Somewhere on the winding and much-forked road of human evolution, our ancestors began making fires and never looked back.
Fire’s appeal wasn’t just about aesthetics, comfort, or even safety: Circumstantial evidence suggests that archaic humans’ ability to cook food and consume more calories may have played a pivotal role in the development of much bigger brains as far back as Homo erectus more than a million years ago. But hard evidence for when exactly our ancestors fully wielded control of flames has proved elusive. A novel application of a trusty geochemical technique may help answer burning questions about when and where our ancestors made friends with fire.
The Turkana Basin in eastern Africa is one of the world’s hotbeds for studying early human evolution, said Kevin Uno, a paleoecologist at the Lamont-Doherty Earth Observatory at Columbia University in Palisades, N.Y., and lead investigator of the study, presented at AGU’s Fall Meeting 2020 in a special session on paleofire. The well-studied Turkana Basin stretches across parts of Ethiopia, Kenya, South Sudan, and Uganda and includes desert, scrubland, and grassland ecosystems.
Since the 1980s, archaeologists have painstakingly excavated many sites in the basin where stratigraphy shows early humans lived for thousands of years. As they sifted through soil layers, the teams often encountered sections of red and orange sediments, where fires had burned the ground. Some of these sites date back 1.9 million years, making Turkana the site of one of the earliest known associations between hominins and fire.
“The possibility that our ancestors, probably Homo erectus, used fire here on a regular basis is quite tantalizing,” Uno said. “We know that fire played an important role in the evolution of humans, but when and how our relationship with fire developed is a long-standing question.”
Measuring PAH Concentrations
To help explore that question, Uno and colleagues turned to a class of polycyclic aromatic hydrocarbons (PAHs), a type of aromatic hydrocarbon that is produced when oil, gas, or wood is burned. PAHs can be petrogenic, the result of burning fossil fuels, or pyrogenic, the result of burning biomass such as wood. “Characterizing PAHs is a technique widely used in environmental geochemistry,” Uno said. “But it has never been used to study an archaeological site this old.”
The study documented pyrogenic PAHs at the Turkana site, but part of the challenge in pinpointing control of fire lies in demonstrating that the burned sediments were generated by human-set fires and not landscape fires that are common in grassland environments. “We needed to determine whether people were making and controlling fires or if they were just taking advantage of natural landscape fires,” said Sarah Hlubik, a paleoanthropologist at Rutgers University in New Brunswick, N.J., and a lead investigator on the Turkana Basin dig. “By applying geochemical techniques over a large region, we can create a picture of how human behavior fit into the regional scale of climate variation and natural fire cycles.”
The team’s preliminary findings show elevated PAH concentrations around archaeological sites, whereas soil samples from nearby locations that show no signs of human habitation have lower PAHs—indicating that the fires were contained, not landscape-wide. “Unfortunately, field work has been delayed due to COVID-19, but our initial analysis of existing soil samples shows that the [PAH] technique works,” Uno said.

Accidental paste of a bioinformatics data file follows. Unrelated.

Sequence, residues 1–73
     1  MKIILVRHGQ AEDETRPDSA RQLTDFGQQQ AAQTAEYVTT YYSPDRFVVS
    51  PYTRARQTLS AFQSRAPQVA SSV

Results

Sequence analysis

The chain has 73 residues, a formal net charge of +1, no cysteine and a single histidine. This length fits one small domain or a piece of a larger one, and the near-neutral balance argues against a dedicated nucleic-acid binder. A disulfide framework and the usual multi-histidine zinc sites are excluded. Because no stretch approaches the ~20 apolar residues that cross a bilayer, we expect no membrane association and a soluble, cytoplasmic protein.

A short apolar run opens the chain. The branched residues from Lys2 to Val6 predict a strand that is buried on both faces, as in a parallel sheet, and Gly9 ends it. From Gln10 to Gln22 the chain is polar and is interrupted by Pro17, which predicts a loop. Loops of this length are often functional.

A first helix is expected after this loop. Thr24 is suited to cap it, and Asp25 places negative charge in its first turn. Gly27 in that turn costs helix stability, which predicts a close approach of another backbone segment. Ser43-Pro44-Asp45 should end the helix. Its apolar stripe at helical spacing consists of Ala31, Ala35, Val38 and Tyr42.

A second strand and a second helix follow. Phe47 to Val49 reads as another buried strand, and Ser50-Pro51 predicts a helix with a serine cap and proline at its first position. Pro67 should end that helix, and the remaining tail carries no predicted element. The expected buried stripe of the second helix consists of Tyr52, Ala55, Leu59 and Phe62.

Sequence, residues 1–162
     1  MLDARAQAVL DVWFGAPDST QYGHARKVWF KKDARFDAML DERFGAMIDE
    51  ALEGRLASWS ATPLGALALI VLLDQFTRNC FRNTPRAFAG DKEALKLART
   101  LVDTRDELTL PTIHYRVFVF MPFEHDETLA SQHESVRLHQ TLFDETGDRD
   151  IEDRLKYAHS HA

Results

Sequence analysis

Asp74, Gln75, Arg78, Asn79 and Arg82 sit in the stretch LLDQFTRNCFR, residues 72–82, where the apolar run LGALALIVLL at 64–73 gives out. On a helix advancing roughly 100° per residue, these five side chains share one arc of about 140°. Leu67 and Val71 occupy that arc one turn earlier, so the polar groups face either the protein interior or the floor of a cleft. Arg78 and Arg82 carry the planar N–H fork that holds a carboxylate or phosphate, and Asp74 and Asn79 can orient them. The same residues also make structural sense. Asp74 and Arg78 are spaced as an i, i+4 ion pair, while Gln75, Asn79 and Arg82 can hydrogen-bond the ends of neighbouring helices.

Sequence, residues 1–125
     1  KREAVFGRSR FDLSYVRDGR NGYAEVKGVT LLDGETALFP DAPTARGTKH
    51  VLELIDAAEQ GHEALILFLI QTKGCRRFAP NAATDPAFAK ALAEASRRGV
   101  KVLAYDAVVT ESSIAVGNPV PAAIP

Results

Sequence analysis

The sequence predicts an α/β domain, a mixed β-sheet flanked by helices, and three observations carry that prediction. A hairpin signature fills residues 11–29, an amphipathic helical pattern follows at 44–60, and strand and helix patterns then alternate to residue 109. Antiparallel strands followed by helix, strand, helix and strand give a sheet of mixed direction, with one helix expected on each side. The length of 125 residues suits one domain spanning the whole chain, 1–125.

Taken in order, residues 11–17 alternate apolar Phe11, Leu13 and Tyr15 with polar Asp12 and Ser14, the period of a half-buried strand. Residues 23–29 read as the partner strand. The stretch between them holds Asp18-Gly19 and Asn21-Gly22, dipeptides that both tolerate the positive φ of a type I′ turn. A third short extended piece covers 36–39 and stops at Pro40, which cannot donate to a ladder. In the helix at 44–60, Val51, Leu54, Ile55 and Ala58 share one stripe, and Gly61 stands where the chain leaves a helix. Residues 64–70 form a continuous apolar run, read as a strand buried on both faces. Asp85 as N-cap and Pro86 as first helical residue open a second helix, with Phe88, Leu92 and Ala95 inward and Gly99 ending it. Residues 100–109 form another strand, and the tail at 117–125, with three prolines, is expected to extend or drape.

The next step in the team’s research will be to analyze a sediment core that spans a half million years of the basin’s history, with a focus on PAH patterns during the time period between 1.9 million and 1.3 million years ago.
“If we see major changes in fire regimes in the basin during that time span, it may indicate hominins were changing the fire dynamics of the basin,” Uno said. Changes at the landscape level may also indicate that hominins were at work. “The impact could go beyond roasting marshmallows and cooking elephant steaks over campfires; they may have been intentionally burning larger areas for landscape management, as many primitive cultures are known to do.”
Ideal Test Case
Richard Wrangham, an anthropologist at Harvard University who was not involved in the new study, thinks that the use of fire to cook is a crucial point in human evolution, and the new study makes a contribution to the discourse. “I am convinced that the fact that humans cook food is an obligatory adaptation. We simply have to cook our food to consume enough calories.…We’re asking a lot from the archaeological record, trying to pinpoint this revolution. To my knowledge, this is the first study to examine carefully whether there is a stronger association of [PAHs] in areas where hominins were known to be.”
The Turkana Basin fits neatly into the timeline for the earliest human use of fire, Wrangham said. Skeletal changes evident in the fossil record—a shortened gut, smaller abdominal cavity, and larger brains—suggest that archaic humans became obligatorily connected to fire around 1.9 million years ago. “The period this team is investigating is the period in which I would expect to see close associations between human settlements and fire. Before then, between 2.5 [million] and 1.9 million years ago, our ancestors were likely playing with fire and using it intermittently.”
Wrangham would like to see the PAH technique applied to other sites with evidence of early fire use, such as the Nihewan Basin in China, where charcoal is found throughout human-occupied layers dating between 2 million and 1 million years ago. “I think this technique has tremendous potential for pinpointing when people started using fire,” he said, “and there are quite a few sites available during this key time period.”
—Mary Caperton Morton (@theblondecoyote), Science Writer